(Jabin Botsford/The Washington Post)

As a general rule, political scientists tend to shy away from taking public stands for — or against — candidates that might make them appear partisan or somehow lacking in scientific objectivity. So it’s notable that a large group of political scientists has now signed an open letter warning that their academic experience persuades them that Donald Trump poses a unique menace to American democracy.

The letter, which was signed by hundreds of political science professors at U.S. colleges and universities, defends the decision to weigh in on this particular election by noting that “our profession has always had strong normative commitments” to the convictions that “peace is preferable to war, freedom to tyranny, justice to injustice, equality to inequality, democracy to authoritarianism,” as well as to John Adams’ notion that our government must be one “of laws, and not of men.”

It then says:

It is in this spirit that we are voicing our collective concern about Donald Trump. Throughout the course of the U.S. presidential campaign, Trump has repeatedly questioned and attacked the core institutions and norms that make democracy work. Such attacks by a major presidential candidate are unprecedented in American history but they are entirely familiar to those of us who study other parts of the world. Specifically, we are deeply concerned about the prospect of a Trump presidency for the following reasons:

1. He has cast doubt on the validity of the election process, without any supporting evidence.

2. He has stated that he may reject the outcome of a free election if he does not win.

3. He has encouraged supporters to engage in voter suppression and intimidation.

4. He has threatened to jail the leader of the opposition party.

5. He has questioned the independence of the judiciary and the impartiality of judges based on their race, ethnicity, religion, and parentage.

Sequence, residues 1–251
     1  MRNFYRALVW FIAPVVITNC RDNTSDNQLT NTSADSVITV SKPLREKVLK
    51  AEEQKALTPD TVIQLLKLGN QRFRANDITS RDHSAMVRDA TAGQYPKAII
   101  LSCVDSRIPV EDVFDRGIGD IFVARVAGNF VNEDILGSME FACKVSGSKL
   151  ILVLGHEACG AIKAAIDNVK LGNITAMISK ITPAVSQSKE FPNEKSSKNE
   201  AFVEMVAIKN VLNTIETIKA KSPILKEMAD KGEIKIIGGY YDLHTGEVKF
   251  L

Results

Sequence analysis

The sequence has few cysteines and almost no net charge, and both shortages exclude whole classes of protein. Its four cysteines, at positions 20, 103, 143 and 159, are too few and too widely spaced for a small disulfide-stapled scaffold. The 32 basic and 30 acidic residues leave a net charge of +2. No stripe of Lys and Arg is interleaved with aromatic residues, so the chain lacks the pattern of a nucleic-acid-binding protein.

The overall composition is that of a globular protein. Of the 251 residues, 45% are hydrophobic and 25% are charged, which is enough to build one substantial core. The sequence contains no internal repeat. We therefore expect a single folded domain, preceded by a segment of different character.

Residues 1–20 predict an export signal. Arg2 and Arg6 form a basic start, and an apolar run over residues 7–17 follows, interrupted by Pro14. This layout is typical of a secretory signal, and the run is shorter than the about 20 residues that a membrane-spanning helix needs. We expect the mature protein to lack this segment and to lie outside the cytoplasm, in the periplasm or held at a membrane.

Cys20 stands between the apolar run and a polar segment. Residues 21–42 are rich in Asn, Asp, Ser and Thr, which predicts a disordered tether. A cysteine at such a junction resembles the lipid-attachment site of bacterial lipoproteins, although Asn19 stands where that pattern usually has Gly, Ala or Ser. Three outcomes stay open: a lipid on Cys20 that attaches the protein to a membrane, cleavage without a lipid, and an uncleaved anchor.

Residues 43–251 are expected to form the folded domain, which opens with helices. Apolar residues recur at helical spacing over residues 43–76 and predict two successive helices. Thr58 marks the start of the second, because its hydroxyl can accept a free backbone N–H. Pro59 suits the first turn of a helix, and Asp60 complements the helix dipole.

6. He has impugned the loyalty of citizens and other persons in the United States on the basis of race, ethnicity, religion, and country of birth.

7. He has endangered freedom of the press by intimidating individual journalists, banning major news organizations from his rallies, and promising to change libel laws.

8. He has called for the proliferation of nuclear weapons.

9. He has threatened to destroy the strategic basis of NATO, the most important security alliance of the last seventy years, by questioning the commitment of the United States to regard an attack on any member state as an attack on all.

For all these reasons and despite our own indifference on matters of politics and partisanship, we stand united in the conviction that a Trump presidency would pose a grave threat to American democracy and to other democratic governments around the world.

Gretchen Helmke, a professor of political science at the University of Rochester, tells me that over 350 political scientists representing around 185 U.S. colleges and universities signed the letter. “I was astounded by how many responses we got in such a short period of time,” she says.

I asked one of the letter’s signatories — Susan Stokes, a political science professor at Yale University who specializes in Latin American studies — to elaborate a bit on the letter’s argument. Specifically, in what sense does what we’re seeing now from Trump resemble similar attacks on democracies in other parts of the world? And if Trump should lose tomorrow, what does his rise tell us about our own democracy’s weaknesses going forward?

Stokes emailed me:

The alarm among many political scientists is acute. We have seen other countries where democratic institutions have come under assault. Venezuela had a stable two-party system for decades but was thrown off-kilter by a leader who weakened the courts and placed controls on the press. Russia had an emerging, competitive multi-party system and at least the promise of a balanced system of government. This emergence of democracy was stopped cold by an authoritarian leader and his inner circle, who has made steady incursions on the opposition, the press, and leaders in civil society.

Of course American democracy is more than two centuries old and has survived civil war, depression, and many other threats. And countries in the developing world face challenges that are much more acute than the ones faced by wealthy and established democracies like the United States.

But there’s still cause for worry. Even if Trump loses tomorrow, he has cultivated a large following of citizens who are convinced that our elections are rigged, that the mainstream press can never be trusted, and that federal agencies, such as the Bureau of Labor Statistics, produce intentionally misleading information. A culture of such deep distrust does not augur well for American democracy.

Just in case you needed a reminder of just how much is at stake in this election — and that, no matter what happens, this story will not end tomorrow.